5 interesting LGBTQ Flag Designs
As you may already know there are a large multitude of LGBTQ+ Flags being used around the world to represent different communities and even multiple different flags being used within each community. In this article we’re going to look at some of the latest most interesting designs emerging and even a few older styles which you might not be familiar with.
Progress Pride Flag
Developed in 2018 by non-binary American designer and artist Daniel Quasar, the Progress Pride Flag provides an update to the original 1978 Pride Flag by integrating horizontal stripes on the left half which represent the Transgender community and People of Colour. This flag has become increasingly popular and now been accepted as the Pride flag of choice for major events including Australia’s Mardi Gras as of 2022.
Polyamorous Pride Flag
Polyamory is the term for people who engage in open romantic or sexual relationships with more than one person at a time. Many people within this community will also be parts of the LGBTQ+ community, so it’s often to see this flag flown with many of the other flags seen at events such as Mardi Gras. Designed by Jim Evans, the meaning behind the colours for the Polyamorous Pride Flag are blue for honesty, red represents love and black represents the fight against discrimination. In the centre of the flag is the Greek symbol for pi which the designer says represents the emotional attachments to others; and also is the first letter in the Greek word for Polyamory.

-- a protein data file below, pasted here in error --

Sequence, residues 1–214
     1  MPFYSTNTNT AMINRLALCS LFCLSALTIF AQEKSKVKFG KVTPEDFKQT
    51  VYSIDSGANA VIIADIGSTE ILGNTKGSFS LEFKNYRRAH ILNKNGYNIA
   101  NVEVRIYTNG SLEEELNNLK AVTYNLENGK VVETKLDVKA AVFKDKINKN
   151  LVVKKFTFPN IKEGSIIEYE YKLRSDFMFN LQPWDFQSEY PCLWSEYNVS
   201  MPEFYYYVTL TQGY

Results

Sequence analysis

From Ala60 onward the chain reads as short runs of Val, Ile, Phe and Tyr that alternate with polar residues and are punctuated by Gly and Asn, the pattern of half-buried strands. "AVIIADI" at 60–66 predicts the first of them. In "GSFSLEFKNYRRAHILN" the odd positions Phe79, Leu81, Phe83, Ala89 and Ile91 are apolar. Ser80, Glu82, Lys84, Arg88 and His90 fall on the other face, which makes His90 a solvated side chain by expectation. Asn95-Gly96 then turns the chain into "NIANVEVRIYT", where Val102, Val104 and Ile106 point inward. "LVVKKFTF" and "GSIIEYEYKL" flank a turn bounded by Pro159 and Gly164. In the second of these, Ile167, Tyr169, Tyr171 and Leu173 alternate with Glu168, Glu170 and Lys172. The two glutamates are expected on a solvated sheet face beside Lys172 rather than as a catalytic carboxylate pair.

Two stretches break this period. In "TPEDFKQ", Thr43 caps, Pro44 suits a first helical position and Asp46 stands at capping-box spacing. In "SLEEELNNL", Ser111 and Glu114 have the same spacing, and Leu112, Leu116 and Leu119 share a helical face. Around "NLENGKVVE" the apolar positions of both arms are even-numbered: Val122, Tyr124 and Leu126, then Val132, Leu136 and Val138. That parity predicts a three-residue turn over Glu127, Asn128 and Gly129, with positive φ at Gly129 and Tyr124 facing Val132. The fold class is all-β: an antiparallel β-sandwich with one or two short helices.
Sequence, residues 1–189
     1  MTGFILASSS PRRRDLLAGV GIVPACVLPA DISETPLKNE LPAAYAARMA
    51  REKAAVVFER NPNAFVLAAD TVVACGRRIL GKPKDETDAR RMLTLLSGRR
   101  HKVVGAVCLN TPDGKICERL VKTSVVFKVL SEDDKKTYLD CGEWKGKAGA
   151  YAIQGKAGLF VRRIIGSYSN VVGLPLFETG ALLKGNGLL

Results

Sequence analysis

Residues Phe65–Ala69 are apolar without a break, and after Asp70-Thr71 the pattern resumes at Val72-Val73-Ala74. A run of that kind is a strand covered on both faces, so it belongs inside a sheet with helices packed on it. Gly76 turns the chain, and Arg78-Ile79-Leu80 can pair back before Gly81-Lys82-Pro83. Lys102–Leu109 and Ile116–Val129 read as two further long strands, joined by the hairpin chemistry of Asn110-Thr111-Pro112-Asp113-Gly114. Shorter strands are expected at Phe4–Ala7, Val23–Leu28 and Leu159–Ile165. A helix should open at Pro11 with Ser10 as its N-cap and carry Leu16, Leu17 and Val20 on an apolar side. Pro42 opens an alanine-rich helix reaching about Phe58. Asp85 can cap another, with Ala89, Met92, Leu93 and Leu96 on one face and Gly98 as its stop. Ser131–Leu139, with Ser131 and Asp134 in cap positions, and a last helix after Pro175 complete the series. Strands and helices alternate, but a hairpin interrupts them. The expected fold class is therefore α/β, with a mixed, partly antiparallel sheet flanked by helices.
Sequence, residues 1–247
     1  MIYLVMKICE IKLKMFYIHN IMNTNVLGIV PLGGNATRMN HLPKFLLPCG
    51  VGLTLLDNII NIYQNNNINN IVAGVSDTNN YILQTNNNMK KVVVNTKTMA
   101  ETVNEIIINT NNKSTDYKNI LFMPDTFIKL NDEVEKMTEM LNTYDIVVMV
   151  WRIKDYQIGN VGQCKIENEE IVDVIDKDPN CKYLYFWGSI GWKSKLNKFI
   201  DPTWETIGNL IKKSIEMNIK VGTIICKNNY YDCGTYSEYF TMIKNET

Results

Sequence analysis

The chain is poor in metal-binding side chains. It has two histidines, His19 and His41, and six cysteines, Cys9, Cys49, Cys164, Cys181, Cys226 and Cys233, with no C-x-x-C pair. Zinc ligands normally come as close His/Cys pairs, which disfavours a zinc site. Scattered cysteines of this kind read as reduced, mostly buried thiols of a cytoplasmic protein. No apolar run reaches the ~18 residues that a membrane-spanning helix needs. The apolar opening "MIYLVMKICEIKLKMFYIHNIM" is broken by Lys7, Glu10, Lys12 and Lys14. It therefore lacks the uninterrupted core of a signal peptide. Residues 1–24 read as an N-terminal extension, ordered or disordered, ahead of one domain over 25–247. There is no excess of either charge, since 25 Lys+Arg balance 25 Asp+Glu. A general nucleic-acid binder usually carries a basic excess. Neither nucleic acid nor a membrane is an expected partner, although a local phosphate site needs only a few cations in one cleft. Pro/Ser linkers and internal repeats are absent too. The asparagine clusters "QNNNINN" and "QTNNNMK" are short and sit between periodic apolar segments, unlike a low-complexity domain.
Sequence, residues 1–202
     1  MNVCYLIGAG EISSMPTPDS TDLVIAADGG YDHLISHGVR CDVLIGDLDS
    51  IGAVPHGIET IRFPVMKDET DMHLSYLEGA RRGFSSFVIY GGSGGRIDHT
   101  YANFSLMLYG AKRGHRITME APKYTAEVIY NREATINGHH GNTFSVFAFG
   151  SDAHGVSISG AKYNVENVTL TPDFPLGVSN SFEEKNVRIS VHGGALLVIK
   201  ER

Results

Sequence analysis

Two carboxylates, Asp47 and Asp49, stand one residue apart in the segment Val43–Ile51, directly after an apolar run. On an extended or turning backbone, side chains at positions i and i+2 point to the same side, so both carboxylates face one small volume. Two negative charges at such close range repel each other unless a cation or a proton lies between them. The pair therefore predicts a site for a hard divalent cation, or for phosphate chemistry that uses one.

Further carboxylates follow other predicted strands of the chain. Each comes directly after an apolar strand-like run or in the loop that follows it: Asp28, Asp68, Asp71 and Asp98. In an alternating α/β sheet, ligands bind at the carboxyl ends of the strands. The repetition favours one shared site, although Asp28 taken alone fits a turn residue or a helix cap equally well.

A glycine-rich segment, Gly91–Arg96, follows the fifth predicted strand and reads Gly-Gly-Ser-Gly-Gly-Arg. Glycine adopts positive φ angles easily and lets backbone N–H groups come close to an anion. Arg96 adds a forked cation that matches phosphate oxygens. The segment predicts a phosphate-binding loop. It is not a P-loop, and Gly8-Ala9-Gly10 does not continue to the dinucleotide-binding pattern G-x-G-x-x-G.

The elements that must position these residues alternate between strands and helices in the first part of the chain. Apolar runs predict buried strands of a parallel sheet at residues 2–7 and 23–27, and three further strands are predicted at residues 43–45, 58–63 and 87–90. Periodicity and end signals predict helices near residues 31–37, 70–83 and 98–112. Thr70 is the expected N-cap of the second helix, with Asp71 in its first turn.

Twink Pride Flag
Not as commonly seen as some of the other flags noted in this list, the Twink Pride Flag has a growing community using it primarily online to represent their community. Twinks are generally considered to be one of the largest gay subcultures in the community and at times can face significant negative stereotyping. There isn’t a clear definition of the colour usage for this flag however many point to the pink being used to represent the effeminate nature of many in the twink community.
Straight Ally Flag
Also known as the Ally Pride Flag, the Straight Ally Flag is an invented rainbow V on a black and white striped background. The black and white is meant to represent the straight community and the rainbow the LGBTQ+ community. The combining of these colours together is meant to represent the allyship with the community.
Bear Pride Flag
In the gay community, bears are men who are generally larger built and generally have significant facial and body hair. Like many parts of the LGBTQ+ community the bear community can also intersect often with other communities including the leather and “daddy” communities. The Bear Pride Flag was designed by Craig Byrnes in 1996 and features 7 colour stripes to represent the different types of hair colours of “bears” across the world.
So there you have it! There are an ever growing amount of LGBTQ+ Flags coming onto the scene as designers come up with interesting ways to reflect and speak about their communities. If you're looking for a LGBTQ+ Flag head over to our store to see all the options on offer.